H. Lehti, The Effect of Blood Alcohol Concentration on the Onset of Gaze Nystagmus, 13 Blutalkohol 411 (1976).

Examining methods of measuring gaze nystagmus in order to determine the simplest effective method.

R. John Leigh & David Zee, The Neurology of Eye Movements 191-201 (1983).

Discussion of different types of oculomotor disorders that effect eye movement. Contains a chart listing different types of nystagmus, their manifestations and possible causes.

J. Levett & L. Karras, Effects of Alcohol on Human Accommodation, Aviat. Space, Environment Med., 434-437 (1977).

D. Levy et al., Smooth Pursuit Eye Movements: Effects of Alcohol and Chloral Hydrate, 16 Psychiatric Res. 1 (1981).

Craig Liden et al., Phencyclidine: Nine Cases of Poisoning, 234 J. Amer. Med. Assín 513 (Nov. 1975) (selected sections).

Examining the effects of phencyclidine on the body. States that horizontal, vertical and rotational nystagmus are all indicators of phencyclidine in the body.

V. Manak, Voluntary Saccadic Eye Movements in a Forced Visual Task, 19 Activ. Nerv. Sup. 193 (1977).

Replicating the effects of passing headlights on the eyes of a driver, finding that there is a lengthening of saccadic eye movement.

Donald Mattus, Boating Under the Influence, 7 The DRE 2 (Summer 1995).

Advocating the use of the HGN test to determine the BACs of boaters.

J.W. Metz & R.F. Balliet, Visual Threshold: Human Scotopic Luminosity Functions Determined with Optokinetic Nystagmus, 13 Vision Res. 1001 (1973).

Y. Mizoi et al., Diagnosis of Alcohol Intoxication by the Optokinetic Test, 30 Q.J. Stud. on Alcohol 1 (Mar.-June 1969).

K.E. Money & W.S. Myles, Heavy Water Nystagmus and Effects of Alcohol, 247 Nature 404 (Feb. 1974).

Researching various elements and causes of positional alcohol nystagmus.

H.B. Murphree et al., Effect of Congeners in Alcohol Beverages on the Incidence of Nystagmus, 27 Q.J. Stud. on Alcohol 201 (June 1966). (Congeners are organic molecules found in varying amounts in alcoholic beverages.)

Nathan et al., Effects of Congeners Differences in Alcohol Beverages on the Behavior of Alcoholics, 5 Q.J. Stud. on Alcohol 87 (May 1970). (Congeners are organic molecules found in varying amounts in alcoholic beverages.)

Nuotto et al., Naloxone Ethanol Interaction in Experimental and Clinical Situations, 54 Acta Pharmacol. Toxicol. 278 (1984). (Naloxone is a narcotic antagonist that is used in the management and reversal of overdoses caused by narcotics.)

C.O. Nylen, Positional Nystagmus: A Review and Future Prospects, J. Laryngology and Otology 295 (June 1950).

W.J. Oosterveld, Effect of Gravity on Positional Alcohol Nystagmus (PAN), 41 Clinical Aviation and Aerospace Med. 557 (May 1970).

W.J. Oosterveld & W.D. Van Der Laarse, Effect of Gravity on Vestibular Nystagmus, 40 Aerospace Med. 383 (1969).

W.J. Oosterveld et al., Quantitative Effect of Linear Acceleration on Positional Alcohol Nystagmus, 45 Aerospace Med. 695 (July 1974).

D. Paige, Senescence of Human Visual-Vestibular Interactions: Smooth Pursuit, Optokinetic, and Vestibular Control of Eye Movements with Aging, 98 Exp. Brain Res. 355 (1994) (selected sections).

Examining the deterioration of smooth pursuit with advancing age.

Antti Penttila & Martti Tenhu, Clinical Examination as Medicolegal Proof of Alcohol Intoxication, 16 Med., Sci. and the Law 95 (April 1976).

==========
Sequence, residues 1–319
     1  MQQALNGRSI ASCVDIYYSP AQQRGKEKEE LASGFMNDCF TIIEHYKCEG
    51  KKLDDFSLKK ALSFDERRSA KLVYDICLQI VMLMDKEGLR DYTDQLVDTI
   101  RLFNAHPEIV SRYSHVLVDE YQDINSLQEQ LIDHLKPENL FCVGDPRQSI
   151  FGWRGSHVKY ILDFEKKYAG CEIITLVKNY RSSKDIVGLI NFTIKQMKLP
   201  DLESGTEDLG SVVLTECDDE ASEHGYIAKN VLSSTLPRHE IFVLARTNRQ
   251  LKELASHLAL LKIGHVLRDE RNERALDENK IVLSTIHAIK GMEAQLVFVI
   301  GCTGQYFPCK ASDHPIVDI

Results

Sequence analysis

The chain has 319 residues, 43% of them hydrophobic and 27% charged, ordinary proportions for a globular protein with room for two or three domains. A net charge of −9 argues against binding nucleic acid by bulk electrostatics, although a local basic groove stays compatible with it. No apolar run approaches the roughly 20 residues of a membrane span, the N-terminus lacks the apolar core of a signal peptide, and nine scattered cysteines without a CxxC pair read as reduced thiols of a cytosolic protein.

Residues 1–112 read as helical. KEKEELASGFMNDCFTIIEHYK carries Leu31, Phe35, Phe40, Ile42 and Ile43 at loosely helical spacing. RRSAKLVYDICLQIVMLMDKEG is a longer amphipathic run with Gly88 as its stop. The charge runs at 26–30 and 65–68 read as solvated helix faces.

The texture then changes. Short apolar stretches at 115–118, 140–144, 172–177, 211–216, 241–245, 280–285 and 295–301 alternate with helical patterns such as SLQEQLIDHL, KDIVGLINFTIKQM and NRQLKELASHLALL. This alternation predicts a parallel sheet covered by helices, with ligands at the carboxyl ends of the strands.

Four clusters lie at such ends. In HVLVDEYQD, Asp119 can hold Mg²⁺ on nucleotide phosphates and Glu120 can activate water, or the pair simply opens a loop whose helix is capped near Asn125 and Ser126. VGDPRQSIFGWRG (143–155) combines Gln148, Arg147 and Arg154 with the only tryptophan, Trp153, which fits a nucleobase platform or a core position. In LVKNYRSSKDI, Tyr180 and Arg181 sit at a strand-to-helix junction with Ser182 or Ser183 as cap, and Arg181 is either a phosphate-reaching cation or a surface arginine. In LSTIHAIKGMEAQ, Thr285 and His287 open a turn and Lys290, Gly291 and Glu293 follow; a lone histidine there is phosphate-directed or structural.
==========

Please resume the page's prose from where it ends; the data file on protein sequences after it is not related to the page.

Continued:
Conducting a clinical examination of a variety of tests used to determine the degree of intoxication of the subject. Nystagmus is one of those tests.

Antti Penttila et al., Nystagmus and Disturbances in Psychomotor Functions Induced by Psychotropic Drug Therapy, Psychiat. Fenn. 315 (1974).

Antti Penttila et al., Examination of Alcohol Intoxication in Cases of Suspected Drunken Drivers II, Liikenneturva, Iso Roobertinkatu 20, 00120 Helsinki 12, Finland (1974).

Antti Penttila et al., Clinical Examination for Intoxication in Cases of Suspected Drunken Driving, Statistical and Research Bureau of TALJA, Iso Roobertinkatu 20, Helsinki 13, Finland (1971).

Police Praise Test for Drunkenness, N.Y. Times, Jan. 3, 1988.

Newspaper article reporting on the use of the HGN test by police officers.

C. Rashbass, The Relationship Between Saccadic and Smooth Tracking Eye Movements, 159 J. Physiol. 326 (1961) (selected sections).

Examining whether saccadic and smooth tracking eye movements are independent or part of the same system. Author uses barbiturates and its effects on the two eye movements in determining the relationship.

Jack E. Richman & John Jakobowski, The Competency and Accuracy of Police Academy Recruits in the Use of the Horizontal Gaze Nystagmus Test for Detecting Alcohol Impairment, 47 New Eng. J. Optometry 5 (Winter 1994).

Examining the ability of newly-trained police officers in the horizontal gaze nystagmus test to detect impaired drivers. The study found that the newly-trained officers were correct over eighty-seven percent of the time in detecting subjects under the influence of alcohol.

David A. Robinson, Eye Movement Control in Primates, 161 Science 1219 (Sept. 1968).

Examining the four oculomotor subsystems Ė smooth pursuit, saccadic, vestibular and vergence.

K. Savolainen et al., Effects of Xylene and Alcohol on Vestibular and Visual Functions in Man, Scan J. Work Environ. Health 94 (Sweden 1980).

D.J. Schroeder, Effects of Alcohol on Nystagmus and Tracking Performance During Laboratory Angular Accelerations About the Y and Z Axes, 44 Aerospace Med. 477 (1973).

Seelmeyer, Nystagmus, A Valid DUI Test, Law and Order 29 (July 1985).

James Sharpe et al., Familial Paralysis of Horizontal Gaze, 25 Neurology 1035 (Nov. 1975).

Studying the hereditary nature of scoliosis, facial paralysis and horizontal pendular nystagmus.

Jeffrey Slapp, The DUI Case Preparation Manual for the Florida Law Enforcement Officer, Institute of Police Technology and Management 14 (1996 ed.).

Overview for law enforcement of HGN and other types of nystagmus and eye disorders. Also covers the administration of the HGN test.